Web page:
Network Rail (NR) sought new ideas for the design and installation of fully accessible pedestrian footbridges across the UK rail network. The aspiration was to generate a catalogue of appropriate footbridge designs affording greater flexibility for sites across the country. NR owns about 2,400 footbridges providing access across the railway for both passengers at stations and people using rights of way.
Most of these footbridges are single-span structures, with the majority having a main span of 16m or less. With the electrification of the network has come taller footbridge structures which take longer to cross and have a greater visual impact. While not primarily intended for use in conservation areas or listed building settings, the design aesthetic needed to be suitable for all situations.
The railway environment creates unique challenges for designers, including a constrained construction site with many considerations to ensure passenger safety and comfort. Disruption to station infrastructure and activities needs to be minimised and long-life and low maintenance are priorities.
Our design uses fibre-reinforced plastic (FRP), which is an ideal material; affordable and with a high strength-to-weight ratio, which reduces the amount of raw material required. This ensures a lightweight structure, which is easier to transport and install. It is non-conductive and therefore safe in electrified areas. It also requires minimal maintenance and is resistant to corrosion, fire and discolouration. FRP is most efficient when formed as a tubular structure.
Our proposal is based on this principle, using filament winding to form FRP around a cylindrical mould. The distinctive character is a result of this process. Forces are legible, with structure provided only where necessary, maximising perforations to light, air and views. The process is suitable for one-off and high volume, with the length adjustable for various scenarios. All additional elements and services are carefully integrated within, creating a clean and crisp aesthetic. A transparent panel is used to provide safe edge protection along the length of the bridge.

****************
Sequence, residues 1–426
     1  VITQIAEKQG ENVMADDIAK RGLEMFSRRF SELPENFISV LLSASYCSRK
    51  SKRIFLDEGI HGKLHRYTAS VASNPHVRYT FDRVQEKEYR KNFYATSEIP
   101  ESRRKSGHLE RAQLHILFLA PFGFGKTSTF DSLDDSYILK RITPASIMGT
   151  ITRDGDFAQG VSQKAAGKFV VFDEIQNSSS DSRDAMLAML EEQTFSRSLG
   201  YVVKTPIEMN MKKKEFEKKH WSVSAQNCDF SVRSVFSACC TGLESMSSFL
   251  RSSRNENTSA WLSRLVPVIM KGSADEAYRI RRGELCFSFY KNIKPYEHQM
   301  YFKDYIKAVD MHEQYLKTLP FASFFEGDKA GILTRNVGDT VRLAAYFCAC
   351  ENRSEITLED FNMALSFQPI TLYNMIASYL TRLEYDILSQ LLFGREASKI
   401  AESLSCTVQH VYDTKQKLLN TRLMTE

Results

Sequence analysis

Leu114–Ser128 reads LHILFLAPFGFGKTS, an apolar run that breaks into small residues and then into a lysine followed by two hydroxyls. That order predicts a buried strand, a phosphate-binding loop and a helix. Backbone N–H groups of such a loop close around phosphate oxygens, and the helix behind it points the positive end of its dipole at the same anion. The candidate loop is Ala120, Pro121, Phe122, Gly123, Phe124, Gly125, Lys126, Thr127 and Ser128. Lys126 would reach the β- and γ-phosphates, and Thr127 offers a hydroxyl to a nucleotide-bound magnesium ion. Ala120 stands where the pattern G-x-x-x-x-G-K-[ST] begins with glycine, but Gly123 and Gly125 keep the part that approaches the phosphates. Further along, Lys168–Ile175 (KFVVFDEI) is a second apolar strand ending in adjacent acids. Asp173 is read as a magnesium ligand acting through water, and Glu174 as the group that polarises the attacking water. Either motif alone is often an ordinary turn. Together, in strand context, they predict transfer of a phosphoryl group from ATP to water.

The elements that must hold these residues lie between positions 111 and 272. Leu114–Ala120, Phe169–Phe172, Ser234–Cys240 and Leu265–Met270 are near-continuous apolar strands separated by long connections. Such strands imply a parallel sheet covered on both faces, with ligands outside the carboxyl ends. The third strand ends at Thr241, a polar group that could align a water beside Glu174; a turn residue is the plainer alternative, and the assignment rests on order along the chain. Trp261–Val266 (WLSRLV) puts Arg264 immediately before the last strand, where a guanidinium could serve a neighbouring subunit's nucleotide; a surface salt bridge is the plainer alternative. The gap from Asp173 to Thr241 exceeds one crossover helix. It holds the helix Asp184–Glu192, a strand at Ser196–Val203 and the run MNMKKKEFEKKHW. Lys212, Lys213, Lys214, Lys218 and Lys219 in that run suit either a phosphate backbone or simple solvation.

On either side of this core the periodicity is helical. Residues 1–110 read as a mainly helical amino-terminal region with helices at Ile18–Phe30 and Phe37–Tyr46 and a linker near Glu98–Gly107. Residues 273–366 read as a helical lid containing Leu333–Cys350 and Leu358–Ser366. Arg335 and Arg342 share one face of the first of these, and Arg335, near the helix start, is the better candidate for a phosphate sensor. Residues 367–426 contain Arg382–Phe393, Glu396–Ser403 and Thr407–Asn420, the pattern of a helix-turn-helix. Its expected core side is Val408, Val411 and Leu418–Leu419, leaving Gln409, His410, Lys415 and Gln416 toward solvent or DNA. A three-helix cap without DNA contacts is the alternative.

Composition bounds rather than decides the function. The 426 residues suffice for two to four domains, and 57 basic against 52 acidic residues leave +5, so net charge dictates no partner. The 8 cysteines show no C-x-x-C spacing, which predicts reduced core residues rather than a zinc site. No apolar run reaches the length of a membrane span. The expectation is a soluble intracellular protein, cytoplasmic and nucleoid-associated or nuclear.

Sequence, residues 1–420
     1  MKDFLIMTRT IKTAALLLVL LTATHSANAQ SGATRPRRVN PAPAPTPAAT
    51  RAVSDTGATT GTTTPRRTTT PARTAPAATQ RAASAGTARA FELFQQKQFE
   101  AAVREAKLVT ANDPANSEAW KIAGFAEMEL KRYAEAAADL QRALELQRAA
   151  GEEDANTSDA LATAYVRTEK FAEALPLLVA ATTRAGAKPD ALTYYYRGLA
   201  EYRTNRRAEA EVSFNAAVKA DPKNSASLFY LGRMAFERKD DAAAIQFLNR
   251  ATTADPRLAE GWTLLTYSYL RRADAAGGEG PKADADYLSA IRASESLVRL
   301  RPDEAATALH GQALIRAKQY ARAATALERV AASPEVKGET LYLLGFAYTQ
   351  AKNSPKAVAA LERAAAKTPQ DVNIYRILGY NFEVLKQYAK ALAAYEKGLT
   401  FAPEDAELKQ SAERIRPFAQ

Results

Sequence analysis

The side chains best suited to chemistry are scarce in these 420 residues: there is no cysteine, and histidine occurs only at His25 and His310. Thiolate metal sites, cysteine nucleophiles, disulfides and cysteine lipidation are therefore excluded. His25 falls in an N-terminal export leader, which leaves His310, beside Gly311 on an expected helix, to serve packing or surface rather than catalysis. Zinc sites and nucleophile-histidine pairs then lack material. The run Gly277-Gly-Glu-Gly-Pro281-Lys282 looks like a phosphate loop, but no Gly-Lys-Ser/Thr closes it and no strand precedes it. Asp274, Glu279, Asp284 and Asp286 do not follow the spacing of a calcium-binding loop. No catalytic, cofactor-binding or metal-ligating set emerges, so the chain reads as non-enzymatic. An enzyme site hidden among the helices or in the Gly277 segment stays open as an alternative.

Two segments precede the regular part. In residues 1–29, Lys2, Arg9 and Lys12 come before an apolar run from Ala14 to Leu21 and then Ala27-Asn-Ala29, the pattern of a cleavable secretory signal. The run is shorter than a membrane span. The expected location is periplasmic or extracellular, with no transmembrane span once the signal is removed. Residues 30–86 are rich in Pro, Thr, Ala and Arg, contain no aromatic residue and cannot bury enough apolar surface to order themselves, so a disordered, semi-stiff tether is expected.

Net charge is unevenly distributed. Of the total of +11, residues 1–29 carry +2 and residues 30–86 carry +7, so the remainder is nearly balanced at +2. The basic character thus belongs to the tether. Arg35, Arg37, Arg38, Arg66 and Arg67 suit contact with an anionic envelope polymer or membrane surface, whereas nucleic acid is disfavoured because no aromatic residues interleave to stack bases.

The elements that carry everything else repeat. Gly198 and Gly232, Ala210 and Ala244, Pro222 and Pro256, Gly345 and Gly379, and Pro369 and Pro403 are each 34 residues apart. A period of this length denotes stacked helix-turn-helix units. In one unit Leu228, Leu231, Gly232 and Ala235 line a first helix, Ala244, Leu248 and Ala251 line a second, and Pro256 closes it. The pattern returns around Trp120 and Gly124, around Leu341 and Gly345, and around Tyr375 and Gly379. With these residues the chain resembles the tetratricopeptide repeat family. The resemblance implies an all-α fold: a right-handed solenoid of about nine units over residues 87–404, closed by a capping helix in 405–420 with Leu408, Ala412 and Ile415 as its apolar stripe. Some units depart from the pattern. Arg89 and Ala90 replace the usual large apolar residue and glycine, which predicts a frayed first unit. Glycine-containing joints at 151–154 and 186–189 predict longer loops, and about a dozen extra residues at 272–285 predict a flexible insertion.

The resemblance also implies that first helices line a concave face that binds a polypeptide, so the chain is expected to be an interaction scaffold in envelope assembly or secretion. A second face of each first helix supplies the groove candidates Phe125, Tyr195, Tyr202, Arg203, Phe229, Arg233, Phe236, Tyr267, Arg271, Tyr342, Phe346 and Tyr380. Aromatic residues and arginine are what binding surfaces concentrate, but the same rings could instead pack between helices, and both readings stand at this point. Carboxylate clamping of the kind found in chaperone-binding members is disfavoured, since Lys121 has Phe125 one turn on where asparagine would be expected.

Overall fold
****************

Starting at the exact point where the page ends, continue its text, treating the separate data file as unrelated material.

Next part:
The same approach is applied to the stair and lift. These are economical to fabricate from pultruded and moulded section of FRP. Modules are scaled for transportation on a flat-bed lorry, with pre-fabrication reducing the time on site.
The structure of the lift core bears the load of the bridge, enabling it to be quickly craned into place and minimising disruption to both operations and existing infrastructure. The strategy creates a catalogue of flexible components that can be combined in site-specific combinations. The pattern can be varied and the colour specified, allowing for either a passive structure or a prominent landmark.